Assessing diversity in plant communities: The importance of within-species variation.

Trends in ecology & evolution (Personal edition)

PubMedID: 21232520

Wayne PM, Bazzaz FA. Assessing diversity in plant communities: The importance of within-species variation. Trends Ecol Evol (Amst). 1991;6(12):400-4.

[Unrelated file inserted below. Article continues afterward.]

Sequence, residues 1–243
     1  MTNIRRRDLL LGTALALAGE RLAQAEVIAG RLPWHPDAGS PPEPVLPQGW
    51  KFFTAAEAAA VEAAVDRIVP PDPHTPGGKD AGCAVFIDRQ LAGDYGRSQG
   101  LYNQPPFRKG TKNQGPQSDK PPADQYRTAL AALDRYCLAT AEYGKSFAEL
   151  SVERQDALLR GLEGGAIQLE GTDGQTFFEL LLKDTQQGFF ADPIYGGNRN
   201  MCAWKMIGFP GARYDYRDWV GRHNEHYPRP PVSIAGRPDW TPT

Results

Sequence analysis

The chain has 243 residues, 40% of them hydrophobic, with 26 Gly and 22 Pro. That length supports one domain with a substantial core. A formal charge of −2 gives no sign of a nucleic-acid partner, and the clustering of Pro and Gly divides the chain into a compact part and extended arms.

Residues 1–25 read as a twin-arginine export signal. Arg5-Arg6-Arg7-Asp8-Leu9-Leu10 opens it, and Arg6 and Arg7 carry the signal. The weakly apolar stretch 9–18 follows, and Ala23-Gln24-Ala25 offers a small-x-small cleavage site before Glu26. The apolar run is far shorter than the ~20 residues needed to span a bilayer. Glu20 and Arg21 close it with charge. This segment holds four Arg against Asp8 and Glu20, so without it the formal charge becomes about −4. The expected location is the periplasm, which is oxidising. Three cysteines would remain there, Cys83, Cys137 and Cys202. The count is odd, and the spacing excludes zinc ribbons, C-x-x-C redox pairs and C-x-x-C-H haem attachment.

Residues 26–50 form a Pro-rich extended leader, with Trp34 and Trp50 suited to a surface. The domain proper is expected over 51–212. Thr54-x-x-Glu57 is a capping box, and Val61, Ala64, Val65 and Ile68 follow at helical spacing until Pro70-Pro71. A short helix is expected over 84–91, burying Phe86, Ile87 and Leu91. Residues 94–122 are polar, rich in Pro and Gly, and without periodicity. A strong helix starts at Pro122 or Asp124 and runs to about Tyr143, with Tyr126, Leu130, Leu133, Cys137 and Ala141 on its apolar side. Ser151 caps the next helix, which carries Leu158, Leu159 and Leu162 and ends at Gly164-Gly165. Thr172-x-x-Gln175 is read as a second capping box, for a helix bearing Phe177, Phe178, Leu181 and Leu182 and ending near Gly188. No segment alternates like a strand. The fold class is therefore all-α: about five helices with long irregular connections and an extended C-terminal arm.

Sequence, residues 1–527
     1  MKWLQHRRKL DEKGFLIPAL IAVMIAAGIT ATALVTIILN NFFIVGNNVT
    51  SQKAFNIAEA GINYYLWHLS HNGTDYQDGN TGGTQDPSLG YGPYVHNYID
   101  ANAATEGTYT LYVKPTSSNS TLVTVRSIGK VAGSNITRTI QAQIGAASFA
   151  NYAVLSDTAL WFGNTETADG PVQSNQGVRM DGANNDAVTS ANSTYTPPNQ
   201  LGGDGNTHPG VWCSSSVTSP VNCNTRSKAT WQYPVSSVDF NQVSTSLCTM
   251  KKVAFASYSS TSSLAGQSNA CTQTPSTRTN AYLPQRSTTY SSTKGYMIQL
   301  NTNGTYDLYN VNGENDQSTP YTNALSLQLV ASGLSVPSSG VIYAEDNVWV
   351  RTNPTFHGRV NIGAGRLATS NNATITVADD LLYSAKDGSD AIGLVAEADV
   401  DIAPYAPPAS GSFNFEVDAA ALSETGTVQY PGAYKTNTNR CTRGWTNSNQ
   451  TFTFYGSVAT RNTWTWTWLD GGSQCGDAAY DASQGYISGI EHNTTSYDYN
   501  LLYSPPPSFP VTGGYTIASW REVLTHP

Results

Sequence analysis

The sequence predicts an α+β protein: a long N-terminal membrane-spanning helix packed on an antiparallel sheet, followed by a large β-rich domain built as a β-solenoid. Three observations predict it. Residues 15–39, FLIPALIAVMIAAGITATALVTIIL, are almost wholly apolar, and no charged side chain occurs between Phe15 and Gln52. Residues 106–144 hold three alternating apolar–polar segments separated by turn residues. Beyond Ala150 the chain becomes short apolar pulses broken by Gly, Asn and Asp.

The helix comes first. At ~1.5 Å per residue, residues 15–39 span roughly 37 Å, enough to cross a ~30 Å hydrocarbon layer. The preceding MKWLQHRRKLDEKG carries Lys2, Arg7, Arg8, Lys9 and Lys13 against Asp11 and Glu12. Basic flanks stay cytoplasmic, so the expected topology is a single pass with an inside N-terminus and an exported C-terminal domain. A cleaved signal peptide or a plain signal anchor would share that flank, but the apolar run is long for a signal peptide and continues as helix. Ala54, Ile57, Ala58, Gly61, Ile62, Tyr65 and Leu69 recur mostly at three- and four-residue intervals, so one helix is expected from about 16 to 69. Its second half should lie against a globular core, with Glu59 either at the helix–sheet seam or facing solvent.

While the measurement of plant species diversity continues to play a central role in ecology and conservation, few formal attempts have been made at defining the concept of diversity, and, specifically, at evaluating the utility of taxonomic species as units for diversity indices. Ecological diversity is defined here as a measure of the degree of biotic and/or abiotic dissimilitude within a community that is perceivable and utilizable by organisms. Although indices based merely on 'species' may be useful for cataloging taxonomic diversity in communities, plant taxa are generally unreliable units for quantifying the ecological diversity perceived and utilized by most organisms in communities. Recent research highlights the shortcomings of the unit of species for characterizing ecological diversity, and we advocate the further exploration of alternative diversity classes with which to describe plant communities.